The Chawan (Matcha Bowl) Buying Guide

So you want to get a new matcha bowl, but don’t know where to start? In this guide will share some tips on what to look for in a chawan and the best places to buy them.

Size Matters

You may be tempted to get a chawan with a small footprint, but I would think again. While a narrow chawan may seem like a good idea, they are incredibly hard to whisk in. A wide opening will allow for greater range of motion when whisking and make getting a great micro-foam much easier. I suggest chawans with a minimum opening of 4.5-5 inches. I personally thing 5 inches is the sweet spot between size and functionality.

A typical bowl of matcha for one person will use 50-70ml of water. For a single serving, chawans 300ml or less work great. Chawans 400ml and larger are best suited for multiple servings.

Pay Attention to the Shape

Matcha bowls can come in many shapes. Some chawans have straight sides, other are rounded, and some are tapered. When buying a chawan, think about how the shape will hold water and how it affects the ease of whisking. I find that bowls with straight sides require more water than tapered bowls to achieve the same whisk water coverage. Tapered bowls may also be easier to whisk in.

Shallow chawans with aggressively tapered sides are called “summer chawans”. This is because they expose a larger surface area of the liquid allowing for faster cooling.

On the other hand, chawans with tall straight sides are known as “winter chawans”. Their narrower mouth helps retain heat which is ideal for chilly winter days.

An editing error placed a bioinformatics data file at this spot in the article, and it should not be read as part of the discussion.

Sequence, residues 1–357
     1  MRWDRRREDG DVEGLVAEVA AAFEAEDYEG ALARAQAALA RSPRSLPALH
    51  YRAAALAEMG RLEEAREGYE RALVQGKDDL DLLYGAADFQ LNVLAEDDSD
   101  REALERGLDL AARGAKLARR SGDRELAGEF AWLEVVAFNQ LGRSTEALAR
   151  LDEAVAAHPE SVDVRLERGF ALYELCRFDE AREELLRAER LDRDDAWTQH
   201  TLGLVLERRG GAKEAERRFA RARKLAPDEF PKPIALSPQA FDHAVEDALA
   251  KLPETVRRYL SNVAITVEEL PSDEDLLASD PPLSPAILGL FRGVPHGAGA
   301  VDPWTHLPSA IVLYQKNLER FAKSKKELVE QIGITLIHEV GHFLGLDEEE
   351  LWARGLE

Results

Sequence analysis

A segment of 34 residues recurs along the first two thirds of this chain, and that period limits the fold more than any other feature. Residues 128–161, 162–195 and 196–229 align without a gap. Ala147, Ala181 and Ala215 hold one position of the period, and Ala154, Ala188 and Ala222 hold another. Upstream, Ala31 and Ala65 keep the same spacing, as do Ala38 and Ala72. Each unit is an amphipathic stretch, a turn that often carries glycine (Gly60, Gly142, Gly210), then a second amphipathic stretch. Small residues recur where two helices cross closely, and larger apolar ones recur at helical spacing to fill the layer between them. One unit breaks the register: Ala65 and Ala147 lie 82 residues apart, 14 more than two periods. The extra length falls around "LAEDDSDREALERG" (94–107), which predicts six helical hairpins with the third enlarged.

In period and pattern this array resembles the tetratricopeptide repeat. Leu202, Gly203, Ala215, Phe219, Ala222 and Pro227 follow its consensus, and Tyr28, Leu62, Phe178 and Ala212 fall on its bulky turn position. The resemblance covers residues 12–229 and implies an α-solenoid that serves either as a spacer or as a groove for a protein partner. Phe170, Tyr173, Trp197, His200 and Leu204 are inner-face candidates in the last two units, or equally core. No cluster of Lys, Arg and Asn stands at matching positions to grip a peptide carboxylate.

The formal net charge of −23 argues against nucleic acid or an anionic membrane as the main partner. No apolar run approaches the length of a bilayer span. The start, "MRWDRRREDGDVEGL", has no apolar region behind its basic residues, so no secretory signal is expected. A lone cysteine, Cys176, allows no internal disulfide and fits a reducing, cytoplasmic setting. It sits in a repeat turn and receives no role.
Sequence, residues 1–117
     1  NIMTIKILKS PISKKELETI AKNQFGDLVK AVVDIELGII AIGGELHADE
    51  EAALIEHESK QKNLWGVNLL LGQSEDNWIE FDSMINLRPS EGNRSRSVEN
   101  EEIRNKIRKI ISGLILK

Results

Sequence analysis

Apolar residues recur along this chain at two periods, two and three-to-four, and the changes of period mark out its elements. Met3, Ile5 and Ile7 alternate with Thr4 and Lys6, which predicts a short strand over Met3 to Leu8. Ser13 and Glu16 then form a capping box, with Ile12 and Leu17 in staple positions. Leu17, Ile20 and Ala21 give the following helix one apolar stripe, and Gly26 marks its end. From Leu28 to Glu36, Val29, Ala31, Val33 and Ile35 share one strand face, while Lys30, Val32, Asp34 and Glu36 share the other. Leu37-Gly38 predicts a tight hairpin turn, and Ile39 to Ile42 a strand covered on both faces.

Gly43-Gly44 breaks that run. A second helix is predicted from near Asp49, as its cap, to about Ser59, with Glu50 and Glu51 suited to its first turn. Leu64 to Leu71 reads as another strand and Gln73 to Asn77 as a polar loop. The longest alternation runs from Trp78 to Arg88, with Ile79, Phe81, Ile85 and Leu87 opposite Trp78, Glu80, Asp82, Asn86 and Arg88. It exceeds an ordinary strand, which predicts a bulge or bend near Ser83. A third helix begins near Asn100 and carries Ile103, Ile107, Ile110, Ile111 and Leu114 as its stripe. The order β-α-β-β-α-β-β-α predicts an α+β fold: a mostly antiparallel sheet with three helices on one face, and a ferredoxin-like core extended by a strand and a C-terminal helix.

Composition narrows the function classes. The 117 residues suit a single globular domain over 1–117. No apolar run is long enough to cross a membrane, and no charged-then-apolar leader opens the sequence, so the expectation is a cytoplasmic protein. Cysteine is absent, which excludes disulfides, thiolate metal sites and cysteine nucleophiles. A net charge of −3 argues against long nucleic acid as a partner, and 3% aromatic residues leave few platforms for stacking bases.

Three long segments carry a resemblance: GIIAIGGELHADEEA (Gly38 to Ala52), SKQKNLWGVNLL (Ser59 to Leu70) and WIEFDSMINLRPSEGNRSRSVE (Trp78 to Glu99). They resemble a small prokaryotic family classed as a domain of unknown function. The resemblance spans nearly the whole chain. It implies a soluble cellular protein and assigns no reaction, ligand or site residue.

Where to Buy Japanese Matcha Bowls

You can find a lot of great handmade matcha bowl on Esty and eBay, but if you’re looking for an authentic Japanese chawan, below are some of my favorite places to shop.

1. Sazen Tea

Sazen sells a wide variety of chawans at a wide range of price points. All bowls are brand new and made in Japan. Sazen frequently adds new teaware, so be sure to check back from time to time for new designs! These chawans ship from Japan and shipping to the United States can run you about $20.

2. Tezumi Tea

Like Sazen, Tezumi also has a wide variety of chawans, however Tezumi’s tend to be more affordable. Most of Tezumi’s tea bowls are vintage (previously used) and one of a kind. That means if you come across a chawan you like, scoop it up because once it sells, it’s gone forever! Most of Tezumi’s chawans ship from the United States.

Use code MYMATCHAADDICTION2023 for 10% off

I’m always on the hunt for new places to buy Japanese chawans. Let me know your favorite online store in the comments below!

Found a chawan you like? You’ll need some fresh new matcha to go with your new chawan! Check out my recommendations for The Best Matcha on a Budget.

5 thoughts on “The Chawan (Matcha Bowl) Buying Guide”

    1. I haven’t come across this website before, but it looks solid. The fact that many of the chawans call out the potter by name and have their signature stamped on the bottom is a good indication of quality and authenticity!

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